The BLM’s multiple-use mission, set forth in the Federal Land Policy and Management Act of 1976, mandates that we manage public land resources for a variety of uses, such as energy development, livestock grazing, recreation, and timber harvesting, while protecting a wide array of natural, cultural, and historical resources, many of which are found in the BLM's 27 million-acre National Landscape Conservation System. link
It is pretty clear.

Originally Posted by Dinwar View Post
I've worked with the BLM extensively, and while they are annoying I've yet to find them incompetent.
Lucky you. But notice I said some, not all. The problem with government is that while most are very dedicated and competent, the few incompetents are backed with the same weight of law and government enforcement. So while a BLM office in one state may use HM effectively to get multiple use from the land as mandated by law, an incompetent BLM of another state may make a completely different decision based on woo from Joy Belsky and others.
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Old 6th June 2014, 07:47 AM   #158
Dinwar
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Quote:
Holding in the soil can actually make streams flow in the dry season.
By reducing stream load during the wet season or removing water from some other reservoir.

It's simple: X amount of water is available. It can be located in reservoirs A, B, or C. If the amount in A goes up, the amount in B and/or C must go down. There is NO way around this. And you've yet to demonstrate that increased soil moisture is universally a good thing; you simply assume that the type of ecosystem you like is the ideal ecosystem for everything. That's not a scientific approach to land management--it's wishful thinking of exactly the sort that lead to the Dust Bowl.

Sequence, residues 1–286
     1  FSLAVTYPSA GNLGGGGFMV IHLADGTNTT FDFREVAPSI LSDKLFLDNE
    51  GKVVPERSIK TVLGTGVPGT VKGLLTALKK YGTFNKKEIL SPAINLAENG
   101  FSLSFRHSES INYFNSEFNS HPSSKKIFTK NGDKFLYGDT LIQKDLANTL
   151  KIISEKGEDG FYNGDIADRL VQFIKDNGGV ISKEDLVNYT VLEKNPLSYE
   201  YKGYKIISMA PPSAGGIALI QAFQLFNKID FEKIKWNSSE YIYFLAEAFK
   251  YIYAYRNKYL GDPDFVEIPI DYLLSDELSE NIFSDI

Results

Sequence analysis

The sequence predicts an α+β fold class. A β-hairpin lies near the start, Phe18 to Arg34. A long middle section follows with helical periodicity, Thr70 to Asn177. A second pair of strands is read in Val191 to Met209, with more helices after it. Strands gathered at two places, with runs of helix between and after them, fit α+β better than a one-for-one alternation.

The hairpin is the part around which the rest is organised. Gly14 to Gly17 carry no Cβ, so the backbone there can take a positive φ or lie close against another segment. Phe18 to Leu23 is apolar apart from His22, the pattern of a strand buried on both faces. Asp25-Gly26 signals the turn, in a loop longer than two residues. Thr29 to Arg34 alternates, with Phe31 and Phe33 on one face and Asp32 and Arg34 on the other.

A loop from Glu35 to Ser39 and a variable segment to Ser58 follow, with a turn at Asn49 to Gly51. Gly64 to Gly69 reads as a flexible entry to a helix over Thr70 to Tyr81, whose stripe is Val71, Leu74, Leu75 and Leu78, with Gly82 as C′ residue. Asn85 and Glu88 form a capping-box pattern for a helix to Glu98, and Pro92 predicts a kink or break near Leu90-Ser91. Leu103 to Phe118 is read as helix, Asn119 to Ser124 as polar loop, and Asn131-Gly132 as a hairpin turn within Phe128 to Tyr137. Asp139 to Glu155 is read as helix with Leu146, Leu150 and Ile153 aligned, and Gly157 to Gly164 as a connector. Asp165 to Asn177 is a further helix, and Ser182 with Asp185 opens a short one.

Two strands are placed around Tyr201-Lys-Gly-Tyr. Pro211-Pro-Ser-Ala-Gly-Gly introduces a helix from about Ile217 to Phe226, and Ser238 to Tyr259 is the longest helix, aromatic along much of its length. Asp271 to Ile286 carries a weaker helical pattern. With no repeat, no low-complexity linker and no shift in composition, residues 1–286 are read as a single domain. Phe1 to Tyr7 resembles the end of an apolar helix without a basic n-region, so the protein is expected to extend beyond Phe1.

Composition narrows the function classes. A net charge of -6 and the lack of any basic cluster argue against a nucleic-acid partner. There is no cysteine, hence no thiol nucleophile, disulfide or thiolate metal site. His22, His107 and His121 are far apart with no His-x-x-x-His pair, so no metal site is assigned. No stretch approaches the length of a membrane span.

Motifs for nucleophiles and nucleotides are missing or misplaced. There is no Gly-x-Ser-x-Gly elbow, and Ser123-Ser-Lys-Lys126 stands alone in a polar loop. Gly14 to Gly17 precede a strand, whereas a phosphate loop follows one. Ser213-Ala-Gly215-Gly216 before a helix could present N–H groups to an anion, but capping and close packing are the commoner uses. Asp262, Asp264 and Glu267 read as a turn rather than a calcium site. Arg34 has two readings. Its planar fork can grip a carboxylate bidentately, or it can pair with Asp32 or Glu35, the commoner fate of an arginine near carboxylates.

Quote:
Both They don't contradict.
So holistic grazing in your mind does in fact generate more water. That's the only thing it can possibly mean.

Quote:
Am I am going with you are bickering because you have some scientific "fort" you are protecting, extremely common in bone diggers.
First, I seriously doubt you have enough experience with "bone diggers" to justify this statement (if you did, you'd know that this is a very, very inappropriate term). Second, the "scienting 'fort'" I'm "protecting" is basic ecology, something you have demonstrated you do not comprehend.

Your explanation of holistic grazing demands that more water be present in the system, pure and simple. You are trying your best to wiggle out of that, but you CANNOT have springs flowing AND increased water retention in the soil without increasing total water in the system. Period. You can only shift which reservoires water is held in, and you've yet to address those ecological costs.

Also, I like how instead of demonstrating comprehension of the BLM's mandate, you quote it. Being able to recite text in no way demonstrates comprehension. You further compound the issue by assuming that "competance" in this case means accepting your definition of holistic grazing. The cart goes AFTER the horse.
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Old 6th June 2014, 08:07 AM   #159
Red Baron Farms
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Originally Posted by Dinwar View Post
By reducing stream load during the wet season or removing water from some other reservoir.
Bingo! DING DING DING. Absorbing the water in the soil which can be seen as a reservoir, instead of running off or evaporating as soon as it falls. This accomplishes two major ecosystem services, flood control and erosion control.

It's simple: X amount of water is available. It can be located in reservoirs A, B, or C. If the amount in A goes up, the amount in B and/or C must go down. There is NO way around this. And you've yet to demonstrate that increased soil moisture is universally a good thing; you simply assume that the type of ecosystem you like is the ideal ecosystem for everything. That's not a scientific approach to land management--it's wishful thinking of exactly the sort that lead to the Dust Bowl.

So holistic grazing in your mind does in fact generate more water. That's the only thing it can possibly mean.